I suspicion if I say this right, that there is less pressure. As you put the well further back, the water under the boat is being compressed downward, causing a upward pressure and turbulence.
That also exsplains why a outboard mounted further away from the stern on a outboard bracket works better, it is in less turbulent and pressurized water.
Being that the well is so far forward, there isn't yet the pressure build up....
Very neat, so what are you going to do now...build one of these far forward well boats? It should take very little horsepower to pull a boat along at the upper end of the full dissplacement speed.
--additional thought- If the outboard was mounted under the bow in a well, you would almost have to use remote controls, unless you could turn a small outboard around and run it in reverse with the tiller towards you. Don't know if this would work right. ....But going back to your original drawing showing the outboard just aft of center, with your center seat being maybe a little circular so you can turn sideways comfortably, like in a little sailboat with the tiller.. Then to stop the turbulence and splashing of such a arragement, If you exstended the well all the way to and through the transom the problem would be solved and run smoothly with out the sloshing inboard of water. You could have a hinged lid over the well that would also serve as a sideways seat. Should make for a pretty neat arrangement for a flat bottomed skiff that is very simple and economical to use, actually user friendly. But also the thickness of your flooring, from outside bottom of boat to inside of top of floor, will determine your seat heigth. A thick bottom means that you need to go to a 25 inch shaft outboard instead of 20inch so the tiller handle is above the seat heigth....You can only have about a 4 inch thick bottom to use a 20 inch shaft and still maintian about a 16 inch seat heigth..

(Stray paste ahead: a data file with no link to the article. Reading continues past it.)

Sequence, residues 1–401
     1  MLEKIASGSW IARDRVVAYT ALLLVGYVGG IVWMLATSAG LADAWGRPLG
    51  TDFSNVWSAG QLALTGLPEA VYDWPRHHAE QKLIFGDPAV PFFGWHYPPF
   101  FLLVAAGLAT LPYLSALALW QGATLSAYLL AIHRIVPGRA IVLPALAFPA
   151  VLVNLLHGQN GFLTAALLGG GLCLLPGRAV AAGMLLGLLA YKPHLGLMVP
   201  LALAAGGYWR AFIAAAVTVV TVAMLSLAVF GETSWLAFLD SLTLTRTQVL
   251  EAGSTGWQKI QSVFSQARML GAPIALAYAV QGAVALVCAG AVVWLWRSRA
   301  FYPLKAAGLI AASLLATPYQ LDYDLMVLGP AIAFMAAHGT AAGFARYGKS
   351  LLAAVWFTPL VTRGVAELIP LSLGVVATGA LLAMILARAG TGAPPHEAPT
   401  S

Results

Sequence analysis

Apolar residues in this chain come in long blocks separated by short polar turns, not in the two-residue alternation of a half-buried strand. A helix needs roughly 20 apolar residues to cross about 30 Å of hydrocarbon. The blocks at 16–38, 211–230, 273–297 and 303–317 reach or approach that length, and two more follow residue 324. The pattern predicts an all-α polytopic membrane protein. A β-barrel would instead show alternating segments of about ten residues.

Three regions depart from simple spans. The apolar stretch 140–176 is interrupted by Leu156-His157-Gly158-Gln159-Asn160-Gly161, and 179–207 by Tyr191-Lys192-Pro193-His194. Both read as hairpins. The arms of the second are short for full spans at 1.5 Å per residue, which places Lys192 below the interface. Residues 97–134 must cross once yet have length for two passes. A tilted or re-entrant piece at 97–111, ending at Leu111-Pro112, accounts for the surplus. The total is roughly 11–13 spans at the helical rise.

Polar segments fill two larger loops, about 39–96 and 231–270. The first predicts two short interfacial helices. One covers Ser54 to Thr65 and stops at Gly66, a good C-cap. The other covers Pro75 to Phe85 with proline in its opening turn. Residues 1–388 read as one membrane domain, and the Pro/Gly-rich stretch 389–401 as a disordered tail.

after that you have to either lower the seat or increase to a 25 inch shaft..
09-30-2006, 10:35 AM
Your theory might be right. I had thought that the upward pressure on the hull would be equal over the entire waterplane.
I also thought that because the front motor well is forward of the bottom's curve that it would act more like a scoop while the rear motorwell being on the back side of the bottom curve would have a slightly larger area to push the water out. I guess Harry Sucher and those Florida mullet fisherman know what they are talking about after all.
I don't know if I am going to build it yet or not, I need to
make another model with more bouyancy forward so the
trim is right and see how it flows again. I also plan to make a model of Suchers offshore trolling skiff (pg301) and see how the two compare.
09-30-2006, 11:31 AM
Using a tunnel to get rid of the turbulence is an easy solution to the turbulence problem but then I no longer have a flat deck at the transom (unless I raise the deck)
What attracts me to the forward motor well idea is having a 9'x 4'-5' unobstructed deck right up to the transom. I could load the kayaks on the deck and explore some of the creeks and inlets that are often too far to paddle to on a day drip or are unaccessable by land. Camping? I have a 3 man tent that would fit on the deck. Fishing? plenty of room for whatever I want to do whether it's line, net or pots. A boat version of a pickup truck?
What little information I have found on the mullet skiffs is that most have remote controls so the motor well is pushed as far forward as practical.( about 4' behind the bow) so it is pretty tight trying to walk around the motor. I am moving it back to 6' so there is room not only in front of the motor but around the sides also. I agree with the side seat idea it would be more comfortable and offer more leg room.
I haven't gotten far along enough to work on accomadations, I have a 20" shaft and the floors will be 6" so I may have to trade motors or make a small tiller extension to compensate
Speaking of motors, using the calculations in Gerr's propeller book I should be able to wring 6 knots out the 8hp motor I have depending of how much the well slows it down
Thanks for the advice